for the famine was very sore; severe, pressed very hard:

so that the land of Egypt, and all the land of Canaan, fainted by reason of the famine; that is, the inhabitants of both countries, their spirits sunk, as well as their flesh failed for want of food: or "raged" (b); became furious, and were like madmen, as the word signifies; according to Kimchi (c), they were at their wits' end, knew not what to do, as Aben Ezra interprets it, and became tumultuous; it is much they had not in a violent manner broke open the storehouses of corn, and took it away by force; that they did not must be owing to the providence of God, which restrained them, and to the care and prudence of Joseph as a means, who, doubtless, had well fortified the granaries; and very probably there were a body of soldiers placed everywhere, who were one of the three parts or states of the kingdom of Egypt, as Diodorus Siculus (d) relates; to which may be added, the mild and gentle address of Joseph to the people, speaking kindly to them, giving them hopes of a supply during the famine, and readily relieving them upon terms they could not object to.

(b) "insanivit vel acta fuit in rahiem", Vatablus; "furebat", Junius & Tremellius, Piscator. (c) In Sepher Shorash rad so Ben Melech in loc. (d) Bibliothec. l. 1. p. 67.

And there was no bread in all the land; for the famine was very sore, so that the land of Egypt and all the land of Canaan fainted by reason of the famine.
13–27a (J (?)). The Famine in Egypt, and Joseph’s Policy

13. in all the land] or “in all the earth.” LXX πάσῃ τῇ γῇ; Lat. in toto orbe. Cf. Genesis 41:54; Genesis 41:57; Acts 11:28, “a great famine over all the world.” “Very sore”: cf. Genesis 12:10, Genesis 41:31; Genesis 41:56, Genesis 43:1.

fainted] A striking metaphor (the Heb. word not occurring again in O.T.) to express the complete collapse of the inhabitants of Egypt and Canaan: LXX ἐξέλιτε. Notice the association of Canaan with Egypt in these three Genesis 47:13-15. Afterwards only Egypt is spoken of.Verse 13. - And there was no bread in all the land; for the famine was very sore (literally, heavy), so that the land of Egypt and all the land of Canaan fainted (literally, was exhausted, had become languid and spiritless) by reason of the famine. The introduction of the present section, which first depicts the miseries of a starving population, and then circumstantially describes a great political revolution forced upon them by the stern necessity of hunger, may have been due to a desire

(1) to exhibit the extreme urgency which existed for Joseph's care of his father and brethren (Bush),

(2) to show the greatness of the benefit conferred on Joseph's house (Baumgarten, Keil, Lange), and perhaps also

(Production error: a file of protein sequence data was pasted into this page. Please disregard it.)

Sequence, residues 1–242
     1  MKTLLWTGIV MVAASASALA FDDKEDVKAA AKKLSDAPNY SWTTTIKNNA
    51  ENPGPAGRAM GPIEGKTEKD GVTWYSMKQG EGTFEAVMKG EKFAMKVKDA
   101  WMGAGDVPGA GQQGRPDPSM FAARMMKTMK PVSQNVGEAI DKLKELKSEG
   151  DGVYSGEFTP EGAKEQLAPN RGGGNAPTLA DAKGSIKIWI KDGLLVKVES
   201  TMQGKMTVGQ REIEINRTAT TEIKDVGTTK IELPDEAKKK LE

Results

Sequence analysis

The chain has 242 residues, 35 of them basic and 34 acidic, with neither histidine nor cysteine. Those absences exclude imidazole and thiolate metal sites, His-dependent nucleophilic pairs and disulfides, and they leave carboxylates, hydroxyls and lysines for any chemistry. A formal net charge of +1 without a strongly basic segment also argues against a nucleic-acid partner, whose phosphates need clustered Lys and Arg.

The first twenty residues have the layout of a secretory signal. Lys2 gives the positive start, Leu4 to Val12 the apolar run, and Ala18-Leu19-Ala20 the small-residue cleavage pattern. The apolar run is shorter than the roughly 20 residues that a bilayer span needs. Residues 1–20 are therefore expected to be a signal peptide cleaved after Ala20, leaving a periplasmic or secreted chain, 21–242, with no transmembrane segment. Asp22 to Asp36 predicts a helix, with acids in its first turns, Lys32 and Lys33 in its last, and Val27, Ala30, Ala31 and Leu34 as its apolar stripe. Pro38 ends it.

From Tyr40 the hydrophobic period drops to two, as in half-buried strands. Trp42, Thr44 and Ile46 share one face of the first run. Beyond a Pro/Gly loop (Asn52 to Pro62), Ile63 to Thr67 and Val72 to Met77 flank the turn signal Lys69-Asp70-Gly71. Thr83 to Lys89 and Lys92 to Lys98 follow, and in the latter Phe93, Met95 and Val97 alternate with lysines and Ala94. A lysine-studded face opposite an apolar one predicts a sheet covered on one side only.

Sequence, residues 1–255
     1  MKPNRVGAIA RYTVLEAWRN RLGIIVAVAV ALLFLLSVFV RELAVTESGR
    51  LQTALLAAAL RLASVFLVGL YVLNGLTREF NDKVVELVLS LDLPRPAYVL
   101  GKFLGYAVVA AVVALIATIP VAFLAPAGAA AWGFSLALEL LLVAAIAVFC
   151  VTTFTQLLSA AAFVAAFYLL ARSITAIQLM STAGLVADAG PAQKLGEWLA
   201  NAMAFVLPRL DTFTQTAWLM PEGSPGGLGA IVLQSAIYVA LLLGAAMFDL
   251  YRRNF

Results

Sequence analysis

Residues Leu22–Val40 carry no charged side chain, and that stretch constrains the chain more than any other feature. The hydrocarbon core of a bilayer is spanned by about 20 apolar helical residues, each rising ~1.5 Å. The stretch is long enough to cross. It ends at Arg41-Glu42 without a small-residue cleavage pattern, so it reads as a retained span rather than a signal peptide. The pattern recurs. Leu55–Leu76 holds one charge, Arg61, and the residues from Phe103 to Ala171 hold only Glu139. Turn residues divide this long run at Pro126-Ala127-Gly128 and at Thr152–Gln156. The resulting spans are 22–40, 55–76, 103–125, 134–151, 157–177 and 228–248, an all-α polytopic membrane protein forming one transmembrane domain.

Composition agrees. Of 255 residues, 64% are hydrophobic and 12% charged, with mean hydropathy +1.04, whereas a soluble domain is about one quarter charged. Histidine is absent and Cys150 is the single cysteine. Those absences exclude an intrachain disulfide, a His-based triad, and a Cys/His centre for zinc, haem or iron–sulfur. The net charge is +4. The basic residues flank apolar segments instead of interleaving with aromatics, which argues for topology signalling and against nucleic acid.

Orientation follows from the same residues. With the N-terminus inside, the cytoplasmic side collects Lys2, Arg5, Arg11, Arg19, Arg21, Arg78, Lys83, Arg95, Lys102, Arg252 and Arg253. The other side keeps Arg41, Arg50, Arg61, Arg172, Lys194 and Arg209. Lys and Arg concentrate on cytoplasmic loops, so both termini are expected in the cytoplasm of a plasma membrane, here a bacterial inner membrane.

(3) to foreshadow the political constitution afterwards bestowed upon the Israelites (Gerlach). Joseph then presented his father to Pharaoh, but not till after the audience of his brothers had been followed by the royal permission to settle, for which the old man, who was bowed down with age, was not in a condition to sue. The patriarch saluted the king with a blessing, and replied to his inquiry as to his age, "The days of the years of my pilgrimage are 130 years; few and sorrowful are the days of my life's years, and have not reached (the perfect in the presentiment of his approaching end) the days of the life's years of my fathers in the days of their pilgrimage." Jacob called his own life and that of his fathers a pilgrimage (מגוּרים), because they had not come into actual possession of the promised land, but had been obliged all their life long to wander about, unsettled and homeless, in the land promised to them for an inheritance, as in a strange land. This pilgrimage was at the same time a figurative representation of the inconstancy and weariness of the earthly life, in which man does not attain to that true rest of peace with God and blessedness in His fellowship, for which he was created, and for which therefore his soul is continually longing (cf. Psalm 39:13; Psalm 119:19, Psalm 119:54; 1 Chronicles 29:15). The apostle, therefore, could justly regard these words as a declaration of the longing of the patriarchs for the eternal rest of their heavenly fatherland (Hebrews 11:13-16). So also Jacob's life was little (מעט) and evil (i.e., full of toil and trouble) in comparison with the life of his fathers. For Abraham lived to be 175 years old, and Isaac 180; and neither of them had led a life so agitated, so full of distress and dangers, of tribulation and anguish, as Jacob had from his first flight to Haran up to the time of his removal to Egypt.